• megna paula

Wanting & Centering

When does wanting matter? When we are looking for happiness, completion, fulfillment.

Wants arise and gain gravitas when we are feeling unhappy, discontent, dissatisfied with what is. we feel disturbed within, and look outside of us for a way out, a way up, or a way back in.

The looking outwards, the wanting something beyond ourselves and beyond the present moment, directs our energy out and away from our center. We are less able to be here and now, and as our energy flows away from us, we have lower reserves for will power, for healing, and for attention. With lower attention, we feel sleepy, dreamy, lost.

Sometimes we want this: to imagine a future, or a past, that is better than the present. The wanting catches our attention and prevents us from looking at the pain that we don’t want to recognize, even though it would be best to look, attend, and heal the part of the present that we are looking to escape. Desire can be a patch over a deep wound, or a block from feeling something else: a difficult truth, a bump in the road on the way to our fuller purpose. We may want a distraction away from the clear direction of our work, or a film over the grittiness of reality.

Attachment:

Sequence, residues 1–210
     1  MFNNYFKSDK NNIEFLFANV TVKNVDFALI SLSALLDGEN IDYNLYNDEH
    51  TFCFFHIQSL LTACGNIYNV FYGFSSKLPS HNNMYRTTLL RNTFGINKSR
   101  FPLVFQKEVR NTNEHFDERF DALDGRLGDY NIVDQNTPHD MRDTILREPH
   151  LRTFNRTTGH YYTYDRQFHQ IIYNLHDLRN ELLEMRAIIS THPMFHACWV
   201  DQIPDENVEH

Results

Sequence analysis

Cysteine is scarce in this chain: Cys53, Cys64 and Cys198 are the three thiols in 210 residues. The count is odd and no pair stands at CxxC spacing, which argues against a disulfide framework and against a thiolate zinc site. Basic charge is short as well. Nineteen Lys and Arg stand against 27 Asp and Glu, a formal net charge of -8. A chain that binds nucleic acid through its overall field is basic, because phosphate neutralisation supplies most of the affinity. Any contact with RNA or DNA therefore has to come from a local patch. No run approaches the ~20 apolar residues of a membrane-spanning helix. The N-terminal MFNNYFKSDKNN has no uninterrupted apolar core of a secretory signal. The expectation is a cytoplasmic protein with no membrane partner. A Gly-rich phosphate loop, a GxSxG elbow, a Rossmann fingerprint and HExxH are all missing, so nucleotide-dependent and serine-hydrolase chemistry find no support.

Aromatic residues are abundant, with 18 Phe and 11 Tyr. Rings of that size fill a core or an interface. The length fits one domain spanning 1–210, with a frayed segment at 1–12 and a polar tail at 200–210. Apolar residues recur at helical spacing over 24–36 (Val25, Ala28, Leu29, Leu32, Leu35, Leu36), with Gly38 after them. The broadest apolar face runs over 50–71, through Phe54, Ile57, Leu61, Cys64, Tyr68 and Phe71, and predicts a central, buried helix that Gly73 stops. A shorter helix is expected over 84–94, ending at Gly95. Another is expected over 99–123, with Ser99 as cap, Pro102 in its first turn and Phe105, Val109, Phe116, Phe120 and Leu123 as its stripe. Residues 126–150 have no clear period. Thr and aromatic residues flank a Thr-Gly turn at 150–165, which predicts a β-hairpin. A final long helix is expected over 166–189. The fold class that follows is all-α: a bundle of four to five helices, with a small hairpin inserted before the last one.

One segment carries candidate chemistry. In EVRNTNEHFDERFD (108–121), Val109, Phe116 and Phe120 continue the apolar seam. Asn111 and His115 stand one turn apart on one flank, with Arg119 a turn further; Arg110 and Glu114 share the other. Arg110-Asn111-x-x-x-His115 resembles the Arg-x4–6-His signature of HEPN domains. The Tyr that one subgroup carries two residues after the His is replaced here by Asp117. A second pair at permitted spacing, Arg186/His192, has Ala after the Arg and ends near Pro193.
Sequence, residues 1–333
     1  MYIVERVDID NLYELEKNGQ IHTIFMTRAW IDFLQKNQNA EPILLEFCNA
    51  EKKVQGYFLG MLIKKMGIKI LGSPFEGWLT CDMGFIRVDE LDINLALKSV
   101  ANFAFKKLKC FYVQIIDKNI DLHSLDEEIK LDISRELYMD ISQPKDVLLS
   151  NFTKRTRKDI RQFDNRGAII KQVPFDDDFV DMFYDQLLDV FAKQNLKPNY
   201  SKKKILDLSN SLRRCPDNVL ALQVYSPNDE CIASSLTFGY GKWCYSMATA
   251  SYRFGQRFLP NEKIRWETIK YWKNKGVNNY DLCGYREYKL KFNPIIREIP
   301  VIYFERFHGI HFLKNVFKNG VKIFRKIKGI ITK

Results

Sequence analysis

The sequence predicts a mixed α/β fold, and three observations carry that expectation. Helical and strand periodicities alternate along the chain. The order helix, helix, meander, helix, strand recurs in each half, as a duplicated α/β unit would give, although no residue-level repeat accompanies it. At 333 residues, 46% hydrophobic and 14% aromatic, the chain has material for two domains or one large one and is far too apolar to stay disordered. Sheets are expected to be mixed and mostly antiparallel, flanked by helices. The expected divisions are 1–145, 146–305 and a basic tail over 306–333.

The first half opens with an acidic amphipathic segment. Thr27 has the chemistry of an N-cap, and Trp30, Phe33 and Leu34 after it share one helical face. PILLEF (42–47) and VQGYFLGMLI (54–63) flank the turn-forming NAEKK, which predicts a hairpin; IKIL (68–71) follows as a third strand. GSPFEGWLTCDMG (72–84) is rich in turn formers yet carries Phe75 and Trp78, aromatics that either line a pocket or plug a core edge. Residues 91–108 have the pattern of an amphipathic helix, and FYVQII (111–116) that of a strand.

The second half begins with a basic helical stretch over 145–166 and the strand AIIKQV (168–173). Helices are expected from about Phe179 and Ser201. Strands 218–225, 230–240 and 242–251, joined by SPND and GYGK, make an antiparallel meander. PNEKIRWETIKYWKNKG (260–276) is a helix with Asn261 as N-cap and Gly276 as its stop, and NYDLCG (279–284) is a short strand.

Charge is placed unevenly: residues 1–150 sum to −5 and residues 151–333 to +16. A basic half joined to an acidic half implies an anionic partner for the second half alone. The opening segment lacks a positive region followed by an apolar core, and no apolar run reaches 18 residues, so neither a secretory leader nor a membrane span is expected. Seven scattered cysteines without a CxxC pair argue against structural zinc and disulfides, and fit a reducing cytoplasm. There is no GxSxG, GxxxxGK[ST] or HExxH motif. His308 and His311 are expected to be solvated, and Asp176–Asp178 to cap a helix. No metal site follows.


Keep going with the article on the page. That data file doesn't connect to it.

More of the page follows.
Yoga philosophy teaches bhramacharya as the foundational principle of energy management, the conscious direction of our desire. We first notice what it is to want, to be wanted, to be wanting, and then we look at how it is possible to harness and direct that energy, both within ourselves and in our relationships with others.

When we value our center, our energy, we learn the skills of detaching from the objects of our desire, and from the pleasure/validation of being desired. We bring the focus of our energy back towards our center points, softening the fixations on the external points. There are moments we realize the deeper fears we had: that we are not enough, that we must prove our worth, that we do not measure up to others or to expectations. Hearing and disowning those beliefs grants us freedom from attachment to the things we want.

From that place of detachment, it’s possible to feel the wanting, enjoy that energy, and then go deeper, asking what inspires the wanting. We can choose to engage our energy in working towards what we want, externally, or healing the inner places that feel incomplete. We choose to uplift ourselves. We notice that desire ebbs and flows, while the center is constant.

Returning our attention to the center is returning the source of our energy. We learn which desires are drains and leaks in our energy, and we gain the strength to step away from those low points, to break those habits and attachments. We keep respect for our space-time.

Recentering ourselves in self-sufficiency allows us to replenish our inner energy and enjoy the outside world, as independent people able to give ourselves fully to others.

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